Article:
Safari Off Road Adventure

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(Redirected from Six Flags Wild Safari)

Safari Off Road Adventure
Safari Off Road Adventure promo.jpg
Six Flags Great Adventure
AreaFrontier Adventures
Coordinates40°8′14.34″N 74°25′58.87″W / 40.1373167°N 74.4330194°W / 40.1373167; -74.4330194Coordinates: 40°8′14.34″N 74°25′58.87″W / 40.1373167°N 74.4330194°W / 40.1373167; -74.4330194
Opening dateMay 25, 2013 (2013-05-25)[1]
ReplacedSix Flags Wild Safari
Six Flags Wild Safari
Opening dateJuly 4, 1974 (1974-07-04)
Closing dateSeptember 30, 2012 (2012-09-30)
Replaced bySafari Off Road Adventure
Ride statistics
Attraction typeSafari
Length23,760 ft (7,240 m)
Site area15,246,000 sq ft (1,416,400 m2)
Vehicle typeFormer Army trucks, remodeled into open air safari vehicles
Riders per vehicle31
Number of animals1,200 (80 species)[2]

Safari Off Road Adventure is a safari attraction currently operating at Six Flags Great Adventure in Jackson Township, New Jersey. It replaced the former Six Flags Wild Safari drive-through safari park, which closed on September 30, 2012, in order for it to become its own standalone ride experience.

Owing to the COVID-19 pandemic in 2020, the attraction has returned to being a drive-through experience for private vehicles, with tickets that can be bought separately from the main park.


An African bush elephant on safari in May 2014.

When Warner LeRoy was proposing the Great Adventure park, his original proposal was to include a drive-thru safari. The planned drive-thru was to have 45 tigers, 25 cheetahs and pumas, 100 brown, black, and polar bears, 50 giraffes, 60 zebras, 250 antelope, 250 baboons and other monkeys, 40 elephants, 20 rhinos, 25 camels, 100 ostriches, kudu, hartebeest, wildebeest, deer, kangaroo, wild goat, wild sheep, cranes, flamingoes, vultures, hornbills, buffalo, moose, elk and others. It was to also have 10 miles of road. Though it was never realized, some of the park's animals from the proposal appeared in the park in a slightly different form.[3]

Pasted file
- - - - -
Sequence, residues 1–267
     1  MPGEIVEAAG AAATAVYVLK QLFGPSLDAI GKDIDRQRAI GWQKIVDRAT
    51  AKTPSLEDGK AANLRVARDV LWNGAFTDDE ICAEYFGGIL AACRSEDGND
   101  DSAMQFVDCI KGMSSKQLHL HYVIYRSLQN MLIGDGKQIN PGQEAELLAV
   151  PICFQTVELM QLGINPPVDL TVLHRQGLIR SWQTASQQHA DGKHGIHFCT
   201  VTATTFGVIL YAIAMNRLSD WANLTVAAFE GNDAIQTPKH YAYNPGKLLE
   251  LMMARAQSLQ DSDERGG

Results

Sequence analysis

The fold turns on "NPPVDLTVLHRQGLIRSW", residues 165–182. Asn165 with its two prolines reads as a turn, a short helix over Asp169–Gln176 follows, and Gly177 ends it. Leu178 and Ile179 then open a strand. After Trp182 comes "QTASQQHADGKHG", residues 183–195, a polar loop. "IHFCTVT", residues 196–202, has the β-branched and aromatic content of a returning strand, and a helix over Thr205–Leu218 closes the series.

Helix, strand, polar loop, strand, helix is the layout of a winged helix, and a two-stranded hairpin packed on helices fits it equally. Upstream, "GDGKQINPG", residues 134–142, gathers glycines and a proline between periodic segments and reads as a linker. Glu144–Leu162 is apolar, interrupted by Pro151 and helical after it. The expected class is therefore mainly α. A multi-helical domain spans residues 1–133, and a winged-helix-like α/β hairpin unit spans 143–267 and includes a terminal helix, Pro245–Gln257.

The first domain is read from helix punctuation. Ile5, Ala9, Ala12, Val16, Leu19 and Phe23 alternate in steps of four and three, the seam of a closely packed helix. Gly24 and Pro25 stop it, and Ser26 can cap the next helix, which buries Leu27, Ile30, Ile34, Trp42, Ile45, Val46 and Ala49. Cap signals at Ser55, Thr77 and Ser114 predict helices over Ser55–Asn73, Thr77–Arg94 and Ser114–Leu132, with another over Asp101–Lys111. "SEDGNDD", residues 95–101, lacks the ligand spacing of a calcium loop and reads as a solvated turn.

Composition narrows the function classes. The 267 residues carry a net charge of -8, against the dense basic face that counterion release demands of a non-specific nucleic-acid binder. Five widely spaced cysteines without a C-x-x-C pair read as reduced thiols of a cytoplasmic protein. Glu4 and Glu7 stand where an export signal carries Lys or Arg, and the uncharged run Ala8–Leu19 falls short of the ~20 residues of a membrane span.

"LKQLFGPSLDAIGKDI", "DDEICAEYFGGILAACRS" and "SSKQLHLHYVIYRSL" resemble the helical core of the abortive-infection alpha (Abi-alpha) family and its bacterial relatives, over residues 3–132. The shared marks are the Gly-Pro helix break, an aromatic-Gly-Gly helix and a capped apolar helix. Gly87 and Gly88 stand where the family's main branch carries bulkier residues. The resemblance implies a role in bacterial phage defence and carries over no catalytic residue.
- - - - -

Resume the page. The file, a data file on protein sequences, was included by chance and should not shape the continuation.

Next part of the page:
Wild Safari was opened to the public on July 4, 1974, along with its theme park neighbor, Great Adventure.[4]

On August 20, 2012, Six Flags announced that the park would be closed to private vehicles from September 30, 2012, and that the animals would remain in the preserve.[5] On August 30, 2012, Six Flags announced that they would open the Safari Off Road Adventure in 2013.[1] Following Wild Safari's closure on September 30, 2012, construction began to renovate it to become the Safari Off Road Adventure.[6] Safari Off Road Adventure opened May 25, 2013.[1]

In March 2020, Six Flags suspended all operations across all their properties due to the COVID-19 pandemic.[7] During the continuation of the pandemic in May, Six Flags Great Adventure announced that they plan on reopening the first Six Flags attraction, Safari Off Road Adventure, while keeping the rest of the park closed.[8] This comes after the Governor of New Jersey signed an executive order to allow drive-thru venues to resume operations on May 13.[9] Safari Off Road Adventure reopened on May 30, with the attraction going back to its historic routes and becoming once again a drive-through safari.[10] A month later, Six Flags Great Adventure announced their new opening date for the season on July 3, 2020.[11][12] Plans were in place for Safari Off Road Adventure to return with the theme park operations, but park officials stated that the safari will continue its own operations, due to the popularity and the ability for guest to continue social distancing while in their own vehicles.[13]